What to expect in the final days
Many parents want to know what to expect as their child approaches their final days, however this information can be confronting to read or talk about. Others may not want to know or are too frightened to ask. This factsheet provides parents with accurate information about what to expect so that some of the common fears associated with a child’s death can be reduced.
Preparing for Your Child’s Death
What can we expect in the final days?
For the majority of parents, caring for their dying child will be their first close involvement with death. Parents are likely to have little knowledge of how their child may die and how to best manage this difficult and stressful time.
As your child’s illness progresses, it usually becomes clear when death is approaching. The specific condition and its effect on the body will determine the symptoms that your child may experience. The following information is provided to assist in understanding the changes that may occur as the last days and hours approach. As every person is different, these are only guidelines. Your child may experience only one or two of these changes. The care team looking after your child will be able to give you specific details on the changes that are likely to happen.
If you are caring for your child at home, speak with your care team about who you should call if you have any questions, both during business hours and after-hours. Some hospitals, hospices and community nursing services have 24-hour support for their patients but it is best to speak to your care team.
While some children remain responsive, many children spend more time asleep than awake. This increased sleeping is caused by a combination of factors. The progression of their illness can affect vital organs and will cause increased drowsiness. Medications to control pain may also contribute to increased sleep. Despite a loss of wakefulness, people at this stage can still hear and feel touch. You may want to play your child’s favourite music and have familiar voices talking to them.
Restlessness and agitation
Some children become confused and agitated in the last few days of life, causing them to wake from sleep and become unsettled. This is not uncommon and can be caused by anxiety and fear, increased pain, nausea, decreased levels of oxygen or changes in their body’s functions.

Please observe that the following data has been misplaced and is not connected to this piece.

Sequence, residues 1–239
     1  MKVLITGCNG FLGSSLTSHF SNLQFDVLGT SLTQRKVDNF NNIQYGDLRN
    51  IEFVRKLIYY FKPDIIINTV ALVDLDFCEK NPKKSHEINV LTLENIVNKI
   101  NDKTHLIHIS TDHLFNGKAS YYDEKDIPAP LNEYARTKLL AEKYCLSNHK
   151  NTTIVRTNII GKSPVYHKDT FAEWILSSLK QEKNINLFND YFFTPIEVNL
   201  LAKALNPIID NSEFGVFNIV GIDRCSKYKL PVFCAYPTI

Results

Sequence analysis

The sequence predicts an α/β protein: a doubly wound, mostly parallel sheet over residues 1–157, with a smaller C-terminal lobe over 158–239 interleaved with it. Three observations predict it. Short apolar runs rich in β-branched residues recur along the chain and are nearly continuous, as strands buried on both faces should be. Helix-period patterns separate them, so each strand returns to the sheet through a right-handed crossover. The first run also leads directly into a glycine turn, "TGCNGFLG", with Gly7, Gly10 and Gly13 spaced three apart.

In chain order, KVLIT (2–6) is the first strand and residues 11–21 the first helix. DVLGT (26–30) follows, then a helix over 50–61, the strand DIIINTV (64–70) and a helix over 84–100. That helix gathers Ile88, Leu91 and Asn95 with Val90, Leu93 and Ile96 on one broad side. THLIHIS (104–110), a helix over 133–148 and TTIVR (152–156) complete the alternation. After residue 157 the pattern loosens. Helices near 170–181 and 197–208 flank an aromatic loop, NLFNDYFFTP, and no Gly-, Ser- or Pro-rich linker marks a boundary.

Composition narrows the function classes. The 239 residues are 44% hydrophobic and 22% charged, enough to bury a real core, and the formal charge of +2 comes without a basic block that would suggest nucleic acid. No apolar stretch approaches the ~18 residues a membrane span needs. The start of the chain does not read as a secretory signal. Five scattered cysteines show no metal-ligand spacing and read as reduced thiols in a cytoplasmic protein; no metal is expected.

For children who are unable to speak at this time, displaying unsettled behaviour may be their only way of communicating that they are uncomfortable. It is important to check that there is no obvious reason for their distress. Examples can include a wet bed, hot or cold body temperatures or uncomfortable resting body position. Gently talking to your child and reassuring them that you are there will help in reducing anxiety. Simple measures like holding the hand and stroking their face can help to make them feel safe and secure.
Playing music or videos, or sharing stories or prayers may also be comforting.
If your child continues to be unsettled and distressed, it is important that you phone for advice, even if it is in the middle of the night. The distress may be from increased pain and their pain medication may need to be adjusted. This could be all that is needed. If the restlessness is from other causes then it may not be possible to correct these and instead the focus will need to be on ensuring your child is comfortable. This may be achieved by giving other medications. If it is not possible to give oral medications, then the medication can be given rectally or subcutaneously through a syringe driver. These medications will decrease agitation but may also have a sedative effect, making it difficult for your child to speak to you. It is likely that they will still be able to hear you and will be greatly comforted and reassured by hearing familiar voices and knowing that the family is there.